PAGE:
Reviewed by: Charity Bishop
Importance of family
Children need both their mother and their father
Importance of true love
Protecting and caring for others
Making the most of our abilities and gifts
Be thankful for the blessings in our lives and the people God has provided to help us
Choosing to do what is right, instead of what is wrong
Taking respectful care of the animals that our Creator has provided
History of exploitation of people and animals in the entertainment industry
ANIMALS of the Bible
Elephants in the Bible
Colin Farrell … Holt Farrier
Nico Parker … Milly Farrier
Finley Hobbins … Joe Farrier
Michael Keaton … V.A. Vandevere
Danny DeVito … Max Medici
Eva Green … Colette Marchant
Alan Arkin … J. Griffin Remington
Lucy DeVito … Coat Check Girl
Joseph Gatt … Neils Skellig
Sandy Martin … Verna The Secretary
Deobia Oparei … Rongo the Strongo
Michael Buffer … Baritone Bates
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Walt Disney Pictures
Tim Burton Productions
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Walt Disney Studios Motion Pictures
Tim Burton seems a strange choice to breathe live action life into one of Disney’s most beloved early classics, but the result is a funny, touching, and sweet story about a little elephant who learned to fly.
In the aftermath of World War I, the Medici Circus struggles to survive. Half the acts have either left the big top or died of influenza. The owner, Max Medici (Danny DeVito), has sold whatever he could to stay afloat—and purchased a brand new pregnant Asian elephant. He hopes her baby will draw big crowds. After her arrival, Holt Farrier (Colin Farrell) returns from the war less an arm, and unsure how to reconnect to his kids, Milly (Nico Parker) and Joe (Finley Hobbins).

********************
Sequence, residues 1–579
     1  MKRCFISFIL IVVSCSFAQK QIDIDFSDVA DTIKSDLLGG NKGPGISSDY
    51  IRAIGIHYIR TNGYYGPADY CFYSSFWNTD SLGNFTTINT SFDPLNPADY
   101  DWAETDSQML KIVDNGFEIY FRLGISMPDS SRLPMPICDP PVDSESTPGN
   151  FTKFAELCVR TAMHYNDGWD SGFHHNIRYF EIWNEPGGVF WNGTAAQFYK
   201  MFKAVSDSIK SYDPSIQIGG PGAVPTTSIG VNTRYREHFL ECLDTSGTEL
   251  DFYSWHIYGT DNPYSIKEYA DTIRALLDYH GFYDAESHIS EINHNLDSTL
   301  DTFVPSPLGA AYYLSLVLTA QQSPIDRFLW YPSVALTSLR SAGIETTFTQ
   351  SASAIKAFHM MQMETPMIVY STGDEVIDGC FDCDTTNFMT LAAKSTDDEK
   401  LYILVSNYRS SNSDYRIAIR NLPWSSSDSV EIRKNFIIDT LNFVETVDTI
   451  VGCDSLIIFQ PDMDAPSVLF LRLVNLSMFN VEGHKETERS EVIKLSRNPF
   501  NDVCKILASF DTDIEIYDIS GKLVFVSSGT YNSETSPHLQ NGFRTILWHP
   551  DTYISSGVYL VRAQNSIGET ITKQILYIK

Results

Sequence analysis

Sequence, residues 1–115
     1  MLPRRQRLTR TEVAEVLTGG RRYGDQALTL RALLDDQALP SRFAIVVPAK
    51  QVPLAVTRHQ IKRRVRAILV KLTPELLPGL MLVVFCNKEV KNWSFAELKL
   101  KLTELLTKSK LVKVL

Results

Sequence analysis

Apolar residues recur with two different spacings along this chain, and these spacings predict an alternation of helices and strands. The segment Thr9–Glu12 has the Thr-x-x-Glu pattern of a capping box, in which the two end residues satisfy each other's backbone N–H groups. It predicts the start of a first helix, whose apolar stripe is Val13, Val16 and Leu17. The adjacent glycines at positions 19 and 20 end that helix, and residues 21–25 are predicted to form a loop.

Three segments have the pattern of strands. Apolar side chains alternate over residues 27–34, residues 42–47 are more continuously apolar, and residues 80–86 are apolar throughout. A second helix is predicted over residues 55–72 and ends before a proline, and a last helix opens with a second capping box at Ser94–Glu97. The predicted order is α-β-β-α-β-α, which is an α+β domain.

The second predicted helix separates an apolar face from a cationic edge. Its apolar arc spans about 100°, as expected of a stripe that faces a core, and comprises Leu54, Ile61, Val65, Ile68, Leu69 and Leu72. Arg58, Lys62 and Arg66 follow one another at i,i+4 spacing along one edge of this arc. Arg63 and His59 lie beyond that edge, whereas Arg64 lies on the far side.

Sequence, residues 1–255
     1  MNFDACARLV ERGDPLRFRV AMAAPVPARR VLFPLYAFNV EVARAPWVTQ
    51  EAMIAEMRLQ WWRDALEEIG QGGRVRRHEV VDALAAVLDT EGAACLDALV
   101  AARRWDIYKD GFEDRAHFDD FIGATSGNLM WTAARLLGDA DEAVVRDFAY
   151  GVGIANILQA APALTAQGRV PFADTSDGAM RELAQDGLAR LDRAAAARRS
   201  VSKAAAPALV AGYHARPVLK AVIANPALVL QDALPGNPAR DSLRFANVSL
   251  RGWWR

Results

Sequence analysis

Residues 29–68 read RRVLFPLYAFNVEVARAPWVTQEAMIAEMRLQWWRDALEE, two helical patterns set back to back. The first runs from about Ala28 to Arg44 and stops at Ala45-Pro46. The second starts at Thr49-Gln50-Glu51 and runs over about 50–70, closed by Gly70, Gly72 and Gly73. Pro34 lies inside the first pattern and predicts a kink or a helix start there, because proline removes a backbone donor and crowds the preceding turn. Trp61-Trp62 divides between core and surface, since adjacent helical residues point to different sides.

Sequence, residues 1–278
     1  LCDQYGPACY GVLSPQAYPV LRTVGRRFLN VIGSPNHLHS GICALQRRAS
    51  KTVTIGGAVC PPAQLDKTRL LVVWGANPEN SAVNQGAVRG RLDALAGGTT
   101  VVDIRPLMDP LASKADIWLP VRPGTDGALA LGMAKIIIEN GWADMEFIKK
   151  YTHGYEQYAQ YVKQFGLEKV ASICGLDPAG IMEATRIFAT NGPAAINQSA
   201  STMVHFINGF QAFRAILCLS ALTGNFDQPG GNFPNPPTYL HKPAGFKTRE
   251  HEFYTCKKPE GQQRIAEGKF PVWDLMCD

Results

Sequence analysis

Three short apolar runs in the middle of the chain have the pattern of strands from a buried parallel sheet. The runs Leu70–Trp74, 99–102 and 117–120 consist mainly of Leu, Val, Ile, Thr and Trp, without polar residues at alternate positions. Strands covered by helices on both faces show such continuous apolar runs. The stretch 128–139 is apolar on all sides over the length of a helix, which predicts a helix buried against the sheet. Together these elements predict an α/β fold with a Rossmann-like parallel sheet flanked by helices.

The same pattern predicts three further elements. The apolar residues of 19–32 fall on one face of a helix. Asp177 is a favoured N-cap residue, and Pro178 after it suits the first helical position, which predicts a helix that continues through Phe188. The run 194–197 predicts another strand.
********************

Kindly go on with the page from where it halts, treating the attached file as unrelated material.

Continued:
Having lost their mother, the two children are struggling to cope with their grief. Since Max sold the horses Holt and his wife used in their act (plus most of their furniture), he gives Holt a new job—look after the elephants. Though displeased with being demoted, Holt’s sensitivity and compassion enables him to befriend Mrs. Jumbo. But Max’s dreams of luring crowds crash down to earth with baby Jumbo’s arrival. His large ears make him a “freak.”
When little Jumbo’s first appearance under the big top leads to disaster, Max demands his money back for the “rabid” elephant that went crazy in defending her baby and caused a man’s death. In comforting the depressed baby elephant, the Farrier children discover an astonishing secret. He can fly.
Other than “Maleficent,” the live-action Disney adaptations have not impressed me. I do not see the need to remake successful films frame-by-frame. “Dumbo” is the exception. Tim Burton kept the basic premise, but crafted a family-oriented, sentimental, and touching story, seen through the eyes of humans and Dumbo alike. I loved how he let Dumbo become a hero in his own right and gave him the motivation to fly, because he thought it would help his mother. The ending is also much more satisfying.